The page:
If I have already had COVID-19 and recovered, should I still get the COVID-19 vaccine when it is available?
Yes. At this time, the vaccine is recommended even if you previously tested positive for COVID-19. There is not enough information currently available to say if or for how long after infection someone is protected from getting COVID-19 again; this is called natural immunity. Early evidence suggests natural immunity from COVID-19 may not last very long, but more studies are needed to better understand this. More information will be shared as it becomes available.
Due to the severe health risks associated with COVID-19 and the fact that re-infection with COVID-19 is possible, people who have had COVID-19 greater than 90 days ago should proceed with getting the vaccine. Due to limited vaccine supply, if you have had COVID-19 within the last 90 days, your likelihood of reinfection is low enough during this time period that you can wait to get the vaccine until you hit the 90-day mark after being sick.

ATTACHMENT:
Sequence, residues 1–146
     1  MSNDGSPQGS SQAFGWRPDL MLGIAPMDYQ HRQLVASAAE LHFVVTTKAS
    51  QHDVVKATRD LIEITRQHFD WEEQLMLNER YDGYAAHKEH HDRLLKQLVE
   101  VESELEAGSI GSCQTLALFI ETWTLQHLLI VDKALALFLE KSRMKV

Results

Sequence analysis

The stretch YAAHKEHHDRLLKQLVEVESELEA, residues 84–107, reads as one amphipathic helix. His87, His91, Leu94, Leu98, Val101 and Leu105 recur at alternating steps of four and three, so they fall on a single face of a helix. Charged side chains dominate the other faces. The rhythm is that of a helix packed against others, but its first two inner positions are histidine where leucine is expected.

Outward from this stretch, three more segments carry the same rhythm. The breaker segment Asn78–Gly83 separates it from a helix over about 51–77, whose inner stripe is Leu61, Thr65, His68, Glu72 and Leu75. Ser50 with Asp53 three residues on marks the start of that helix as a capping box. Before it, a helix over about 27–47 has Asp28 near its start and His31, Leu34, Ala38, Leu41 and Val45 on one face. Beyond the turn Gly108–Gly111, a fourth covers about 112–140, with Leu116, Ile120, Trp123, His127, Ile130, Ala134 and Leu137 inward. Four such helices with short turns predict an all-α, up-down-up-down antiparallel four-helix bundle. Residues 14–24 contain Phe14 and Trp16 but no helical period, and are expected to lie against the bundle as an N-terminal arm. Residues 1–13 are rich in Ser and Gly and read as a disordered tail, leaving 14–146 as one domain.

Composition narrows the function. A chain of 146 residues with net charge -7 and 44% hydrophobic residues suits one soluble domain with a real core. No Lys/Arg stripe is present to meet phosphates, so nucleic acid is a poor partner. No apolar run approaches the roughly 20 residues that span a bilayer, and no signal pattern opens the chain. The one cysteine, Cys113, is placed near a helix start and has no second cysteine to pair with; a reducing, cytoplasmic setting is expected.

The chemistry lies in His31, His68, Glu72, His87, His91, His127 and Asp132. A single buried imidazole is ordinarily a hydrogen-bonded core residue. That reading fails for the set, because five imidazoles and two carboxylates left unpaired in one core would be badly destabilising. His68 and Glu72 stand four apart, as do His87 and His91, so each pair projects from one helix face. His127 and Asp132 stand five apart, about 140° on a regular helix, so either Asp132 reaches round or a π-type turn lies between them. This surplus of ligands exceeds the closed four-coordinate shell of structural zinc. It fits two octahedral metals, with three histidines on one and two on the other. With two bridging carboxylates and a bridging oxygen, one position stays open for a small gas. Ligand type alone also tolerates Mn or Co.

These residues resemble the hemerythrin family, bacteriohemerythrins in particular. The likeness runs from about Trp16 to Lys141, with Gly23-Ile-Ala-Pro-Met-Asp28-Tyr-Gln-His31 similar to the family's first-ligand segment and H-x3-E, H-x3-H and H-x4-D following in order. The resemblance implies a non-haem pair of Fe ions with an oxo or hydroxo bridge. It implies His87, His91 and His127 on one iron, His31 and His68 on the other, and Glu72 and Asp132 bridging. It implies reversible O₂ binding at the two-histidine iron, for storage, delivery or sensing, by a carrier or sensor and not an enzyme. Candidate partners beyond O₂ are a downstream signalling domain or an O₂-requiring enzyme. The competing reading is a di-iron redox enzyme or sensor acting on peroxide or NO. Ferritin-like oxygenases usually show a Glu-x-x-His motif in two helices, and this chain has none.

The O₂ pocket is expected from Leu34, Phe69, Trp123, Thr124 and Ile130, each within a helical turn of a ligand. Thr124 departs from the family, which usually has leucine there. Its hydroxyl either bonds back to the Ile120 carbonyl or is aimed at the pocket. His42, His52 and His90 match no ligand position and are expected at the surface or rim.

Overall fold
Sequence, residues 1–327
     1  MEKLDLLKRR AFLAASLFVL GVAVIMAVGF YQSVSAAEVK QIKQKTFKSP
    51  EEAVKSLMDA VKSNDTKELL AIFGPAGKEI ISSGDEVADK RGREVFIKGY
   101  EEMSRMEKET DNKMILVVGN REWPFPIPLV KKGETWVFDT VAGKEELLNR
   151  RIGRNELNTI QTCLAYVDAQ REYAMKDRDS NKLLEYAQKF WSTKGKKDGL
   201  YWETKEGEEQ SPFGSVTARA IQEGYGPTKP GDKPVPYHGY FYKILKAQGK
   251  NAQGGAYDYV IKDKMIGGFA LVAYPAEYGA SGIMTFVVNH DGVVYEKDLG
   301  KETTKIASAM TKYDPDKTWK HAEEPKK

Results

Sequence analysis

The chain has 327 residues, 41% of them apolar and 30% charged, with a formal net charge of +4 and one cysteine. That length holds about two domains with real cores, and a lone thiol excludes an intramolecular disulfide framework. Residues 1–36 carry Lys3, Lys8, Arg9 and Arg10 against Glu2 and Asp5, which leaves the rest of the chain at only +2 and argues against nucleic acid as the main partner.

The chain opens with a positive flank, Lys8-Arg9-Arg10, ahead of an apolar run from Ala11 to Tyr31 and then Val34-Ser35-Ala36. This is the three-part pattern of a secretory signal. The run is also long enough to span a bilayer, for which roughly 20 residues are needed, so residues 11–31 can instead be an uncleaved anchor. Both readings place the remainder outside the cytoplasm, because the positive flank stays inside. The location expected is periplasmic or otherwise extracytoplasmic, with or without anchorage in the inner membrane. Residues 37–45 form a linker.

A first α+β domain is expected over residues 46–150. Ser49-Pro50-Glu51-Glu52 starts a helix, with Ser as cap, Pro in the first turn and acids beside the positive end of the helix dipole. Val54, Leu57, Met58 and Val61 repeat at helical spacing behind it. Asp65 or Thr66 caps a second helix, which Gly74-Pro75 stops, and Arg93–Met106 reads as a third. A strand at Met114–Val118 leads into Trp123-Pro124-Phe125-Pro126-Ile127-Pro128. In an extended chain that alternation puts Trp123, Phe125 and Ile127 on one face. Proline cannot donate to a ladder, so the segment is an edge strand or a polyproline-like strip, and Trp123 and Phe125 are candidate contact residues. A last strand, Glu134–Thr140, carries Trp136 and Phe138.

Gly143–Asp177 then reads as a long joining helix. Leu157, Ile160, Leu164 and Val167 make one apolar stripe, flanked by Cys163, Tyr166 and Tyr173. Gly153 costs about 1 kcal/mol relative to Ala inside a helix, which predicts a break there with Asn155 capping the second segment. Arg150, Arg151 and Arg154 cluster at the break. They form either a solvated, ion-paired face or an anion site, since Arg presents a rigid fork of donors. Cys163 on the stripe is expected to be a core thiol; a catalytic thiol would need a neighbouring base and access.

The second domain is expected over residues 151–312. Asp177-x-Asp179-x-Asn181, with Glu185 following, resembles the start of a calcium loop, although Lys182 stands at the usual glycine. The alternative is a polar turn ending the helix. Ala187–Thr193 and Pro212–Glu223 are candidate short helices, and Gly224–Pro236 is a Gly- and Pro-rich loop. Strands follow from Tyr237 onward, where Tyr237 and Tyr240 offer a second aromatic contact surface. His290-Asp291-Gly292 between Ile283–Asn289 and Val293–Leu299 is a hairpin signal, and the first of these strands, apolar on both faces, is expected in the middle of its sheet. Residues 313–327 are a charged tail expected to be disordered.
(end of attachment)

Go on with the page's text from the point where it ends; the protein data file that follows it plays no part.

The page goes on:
Can you contract COVID-19 by getting the vaccine?
No. The vaccine is NOT a live vaccine, and it is NOT possible to contract COVID-19 from receiving the vaccine. Some people experience side effects from the vaccine, such as headache, muscle pain, or fever – but that does not mean you have COVID-19. It means your body is working to build the necessary immunity against the virus, which is a good thing.
What are the possible side effects/adverse events from the COVID-19 vaccine?
The most common adverse reactions reported have been fatigue, headache, fever/chills and joint pain. This means your body is working to build the necessary immunity against the virus.